Gold and silver extended their longest rallies since August while U.S. stocks closed higher following the biggest two-day gain since October. The yen strengthened and Chinese shares advanced.
Gold for April delivery climbed for a fourth straight day, adding 0.9 percent to $1,274.70 an ounce while silver for March delivery increased 0.9 percent for a sixth consecutive advance. The Standard & Poor’s 500 Index (SPX) drifted between gains and losses for most of the day before closing 0.2 percent higher at 1,799.84. The Stoxx Europe 600 Index was little changed. The Shanghai Composite Index climbed to a one-month high. The yen gained versus 13 of 16 major peers. Brazil’s real and Hungary’s forint led emerging-market currencies lower against the dollar.
Federal Reserve Chairman Janet Yellen delivers her first semi-annual monetary-policy testimony tomorrow as markets weigh how mixed economic reports last week will affect the central bank’s plan for reducing stimulus. Stocks rose last week, trimming this year’s losses in global equities to $1.6 trillion.
“We would look for kind of a quiet day and perhaps the market setting up for tomorrow’s testimony,” Jim Russell, who helps oversee $113 billion as a senior equity strategist for U.S. Bank Wealth Management, said by phone. “There might be some residual concern around what Yellen might say. It will be interesting to watch what her response will be on what do you make of two weak payroll numbers in a row, and what do you make of the recent volatility in the emerging markets.”
The rally in gold came as Chinese buyers returned from a holiday. Gold, which dropped by the most since 1981 last year, rebounded since the start of January as global equities declined and lower bullion prices spurred more physical demand. Volumes for the benchmark contract on the Shanghai Gold Exchange, which opened on Feb. 7 after a weeklong New Year holiday, climbed to the highest since May today.
Coffee and nickel added 0.4 percent and wheat climbed more than 1 percent, while heating oil and natural gas led the S&P GSCI Index of 24 commodities lower after it gained 2.6 percent the previous four days.
U.S. natural gas declined 4.1 percent for a fourth straight loss, with milder weather forecast by Commodity Weather Group LLC across the lower 48 states for Feb. 17 through Feb. 21.
The S&P 500 gained 0.8 percent last week after three straight weekly declines. The index is down 2.6 percent in 2014 amid concern about slower growth in China and reductions in Fed stimulus. The Fed has reduced its monthly buying of bonds to $65 billion from $85 billion. Three rounds of stimulus from the central bank have helped push the S&P 500 as much as 173 percent higher from a 12-year low in 2009 to its latest record on Jan. 15.
Among stocks moving today, Apple Inc. gained 1.8 percent as activist investor Carl Icahn backed away from his push to increase share repurchases at the iPhone maker. McDonald’s Corp. slid 1.1 percent as sales at its established U.S. stores fell for the third straight month. Yelp Inc. jumped 1.9 percent after a person familiar with the matter said Yahoo! Inc. will use the reviews provider to add context to its search results.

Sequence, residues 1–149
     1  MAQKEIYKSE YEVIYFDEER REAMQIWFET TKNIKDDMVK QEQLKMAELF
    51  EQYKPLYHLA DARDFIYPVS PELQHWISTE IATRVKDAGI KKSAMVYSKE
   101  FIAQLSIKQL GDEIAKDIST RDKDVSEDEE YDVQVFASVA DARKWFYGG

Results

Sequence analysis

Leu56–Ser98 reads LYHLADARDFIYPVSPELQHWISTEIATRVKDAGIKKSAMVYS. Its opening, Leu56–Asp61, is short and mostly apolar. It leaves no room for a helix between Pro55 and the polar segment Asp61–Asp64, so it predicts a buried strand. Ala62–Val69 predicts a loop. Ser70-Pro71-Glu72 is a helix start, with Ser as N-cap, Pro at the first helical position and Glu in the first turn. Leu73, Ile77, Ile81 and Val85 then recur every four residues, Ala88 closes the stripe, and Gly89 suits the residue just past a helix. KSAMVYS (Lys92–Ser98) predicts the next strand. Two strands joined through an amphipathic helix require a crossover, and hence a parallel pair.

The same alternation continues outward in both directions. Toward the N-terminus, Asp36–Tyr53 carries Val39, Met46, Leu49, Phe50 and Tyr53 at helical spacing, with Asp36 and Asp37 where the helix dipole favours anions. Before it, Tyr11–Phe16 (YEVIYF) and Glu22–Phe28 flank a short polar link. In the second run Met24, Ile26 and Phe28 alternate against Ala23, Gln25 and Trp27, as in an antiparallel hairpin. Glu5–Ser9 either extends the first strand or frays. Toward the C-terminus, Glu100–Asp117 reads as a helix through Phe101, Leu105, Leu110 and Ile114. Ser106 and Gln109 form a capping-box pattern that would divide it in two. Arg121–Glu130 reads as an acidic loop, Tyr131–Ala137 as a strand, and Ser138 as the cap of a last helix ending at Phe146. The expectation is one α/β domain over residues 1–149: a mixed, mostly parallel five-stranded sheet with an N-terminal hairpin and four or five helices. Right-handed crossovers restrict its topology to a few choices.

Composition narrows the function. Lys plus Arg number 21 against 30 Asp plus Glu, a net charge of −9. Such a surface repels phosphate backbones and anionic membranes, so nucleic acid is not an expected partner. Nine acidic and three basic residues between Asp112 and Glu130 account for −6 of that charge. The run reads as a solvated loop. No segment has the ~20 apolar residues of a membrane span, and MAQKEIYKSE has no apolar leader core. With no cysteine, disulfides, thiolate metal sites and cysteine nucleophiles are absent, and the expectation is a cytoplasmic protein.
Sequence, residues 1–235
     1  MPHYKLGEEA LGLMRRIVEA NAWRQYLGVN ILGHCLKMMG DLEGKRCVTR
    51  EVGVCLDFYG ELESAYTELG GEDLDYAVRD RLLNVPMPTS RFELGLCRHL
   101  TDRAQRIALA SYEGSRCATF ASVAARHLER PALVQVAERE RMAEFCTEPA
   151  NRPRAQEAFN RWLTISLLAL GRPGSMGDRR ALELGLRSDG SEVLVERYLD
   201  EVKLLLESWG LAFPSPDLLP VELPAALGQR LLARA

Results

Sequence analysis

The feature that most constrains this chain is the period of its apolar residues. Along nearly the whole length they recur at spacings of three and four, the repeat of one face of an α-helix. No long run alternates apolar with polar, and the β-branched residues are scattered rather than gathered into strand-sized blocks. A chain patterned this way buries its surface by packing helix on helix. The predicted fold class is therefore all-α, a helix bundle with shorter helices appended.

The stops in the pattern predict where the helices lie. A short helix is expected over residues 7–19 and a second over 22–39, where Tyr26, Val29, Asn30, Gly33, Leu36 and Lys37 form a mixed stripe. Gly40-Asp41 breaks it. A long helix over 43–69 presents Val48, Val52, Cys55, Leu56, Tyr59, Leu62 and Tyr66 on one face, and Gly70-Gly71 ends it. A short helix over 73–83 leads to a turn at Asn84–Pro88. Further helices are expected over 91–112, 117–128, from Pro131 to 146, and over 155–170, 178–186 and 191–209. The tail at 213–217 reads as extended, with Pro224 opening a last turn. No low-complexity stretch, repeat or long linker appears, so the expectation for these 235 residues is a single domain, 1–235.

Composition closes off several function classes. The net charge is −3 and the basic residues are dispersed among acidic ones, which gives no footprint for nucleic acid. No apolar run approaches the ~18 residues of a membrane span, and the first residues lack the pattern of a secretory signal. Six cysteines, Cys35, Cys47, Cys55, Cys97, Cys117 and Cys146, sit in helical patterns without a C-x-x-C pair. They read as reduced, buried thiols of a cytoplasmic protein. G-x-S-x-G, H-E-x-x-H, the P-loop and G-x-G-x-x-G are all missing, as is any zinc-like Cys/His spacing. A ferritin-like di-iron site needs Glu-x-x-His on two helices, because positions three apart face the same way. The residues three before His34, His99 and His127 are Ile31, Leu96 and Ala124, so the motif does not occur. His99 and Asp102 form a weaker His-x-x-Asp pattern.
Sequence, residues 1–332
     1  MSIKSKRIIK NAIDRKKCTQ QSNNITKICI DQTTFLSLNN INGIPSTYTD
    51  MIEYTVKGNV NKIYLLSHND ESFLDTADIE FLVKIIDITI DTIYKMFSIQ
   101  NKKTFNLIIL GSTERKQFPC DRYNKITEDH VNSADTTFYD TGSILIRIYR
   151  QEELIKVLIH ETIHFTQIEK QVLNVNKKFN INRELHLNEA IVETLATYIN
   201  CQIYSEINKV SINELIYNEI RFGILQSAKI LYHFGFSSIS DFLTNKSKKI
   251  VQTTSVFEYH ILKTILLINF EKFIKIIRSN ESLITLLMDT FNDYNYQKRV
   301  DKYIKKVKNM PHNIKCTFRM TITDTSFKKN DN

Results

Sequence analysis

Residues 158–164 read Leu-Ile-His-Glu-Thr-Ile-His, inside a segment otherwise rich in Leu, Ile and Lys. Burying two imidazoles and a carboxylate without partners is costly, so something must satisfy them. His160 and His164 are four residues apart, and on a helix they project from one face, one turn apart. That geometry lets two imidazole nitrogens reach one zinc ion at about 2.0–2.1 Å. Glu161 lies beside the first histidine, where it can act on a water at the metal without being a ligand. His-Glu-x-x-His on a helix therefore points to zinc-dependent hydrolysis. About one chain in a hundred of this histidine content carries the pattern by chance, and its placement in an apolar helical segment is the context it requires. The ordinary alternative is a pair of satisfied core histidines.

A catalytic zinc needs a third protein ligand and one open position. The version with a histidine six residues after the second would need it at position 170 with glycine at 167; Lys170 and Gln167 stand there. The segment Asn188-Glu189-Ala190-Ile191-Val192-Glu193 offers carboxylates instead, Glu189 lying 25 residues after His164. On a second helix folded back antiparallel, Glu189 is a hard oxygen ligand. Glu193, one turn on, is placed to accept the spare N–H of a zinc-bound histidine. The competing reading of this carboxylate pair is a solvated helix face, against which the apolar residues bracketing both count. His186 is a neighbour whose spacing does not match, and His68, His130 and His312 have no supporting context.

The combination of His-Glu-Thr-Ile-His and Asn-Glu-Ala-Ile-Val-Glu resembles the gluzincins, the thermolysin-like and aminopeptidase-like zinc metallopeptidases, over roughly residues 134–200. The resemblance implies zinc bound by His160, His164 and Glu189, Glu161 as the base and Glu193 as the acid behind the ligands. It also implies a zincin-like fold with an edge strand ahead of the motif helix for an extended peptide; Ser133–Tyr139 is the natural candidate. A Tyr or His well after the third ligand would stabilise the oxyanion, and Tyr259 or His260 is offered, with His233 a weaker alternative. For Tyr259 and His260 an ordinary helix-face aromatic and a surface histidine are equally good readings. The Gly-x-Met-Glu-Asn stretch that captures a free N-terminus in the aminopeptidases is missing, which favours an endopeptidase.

About 76 percent of companies in the index that have posted results this season have exceeded analysts’ estimates, data compiled by Bloomberg show.
U.S. stocks have too much momentum to make betting against the S&P 500 a winning strategy and the gauge will probably reach 1,900 next quarter, according to money manager Laszlo Birinyi.
Birinyi, the founder of Birinyi Associates Inc. and one of the first analysts to advise clients to buy when stocks were bottoming after the 2008 financial crisis, said in a phone interview Feb. 7 that the benchmark gauge for U.S. equities will increase almost 6 percent by July. It fell 5.8 percent in the three weeks starting Jan. 15, losses he said signal healthy skepticism that set the stage for more gains.
“I don’t like when the market just shrugs these things off,” Birinyi said from Westport, Connecticut. “It’s OK to just stop and take a deep breath. The market should have some sort of a negative reaction when you have problems in Turkey and Argentina. That didn’t make me uncomfortable.”
Trading volumes in the Stoxx 600 were 21 percent less than the 30-day average, data compiled by Bloomberg show. The gauge advanced 0.8 percent last week, the first weekly gain in three.
Nokia Oyj jumped 2.8 percent after agreeing with HTC Corp. to collaborate, giving each company access to the other’s patented technology. L’Oreal SA (OR) advanced 4.5 percent after people with knowledge of the matter said Nestle SA is exploring ways to reduce its $30 billion stake in the world’s largest cosmetics maker. The Swiss food company could sell shares to L’Oreal, the Bettencourt family or the public, or a combination of those three, the people said.
Securitas AB dropped 1.5 percent after the world’s second-biggest guarding-services company posted profit that missed analysts’ estimates. Centrica Plc lost 1.7 percent after U.K. Energy Secretary Ed Davey asked regulators to look at whether the supplier’s British Gas arm is too profitable and should be broken up.
Shanghai’s benchmark index jumped 2 percent. Chinese spending during a seven-day Lunar New Year break signaled strong consumption and that economic growth will be “relatively stable,” according to Bank of America Corp.
Turkey’s equity gauge fell 0.9 percent after S&P cut its credit outlook for the country, citing declining growth, erosion of institutional checks and balances and risk of an economic hard landing.
The real slid 0.9 percent against the dollar and the forint dropped 1.1 percent versus the euro.
Norway’s krone strengthened against all 16 major peers after data showed inflation in January exceeded analyst estimates. The currency appreciated for a fifth day, adding 0.7 percent to 6.13497 per dollar.
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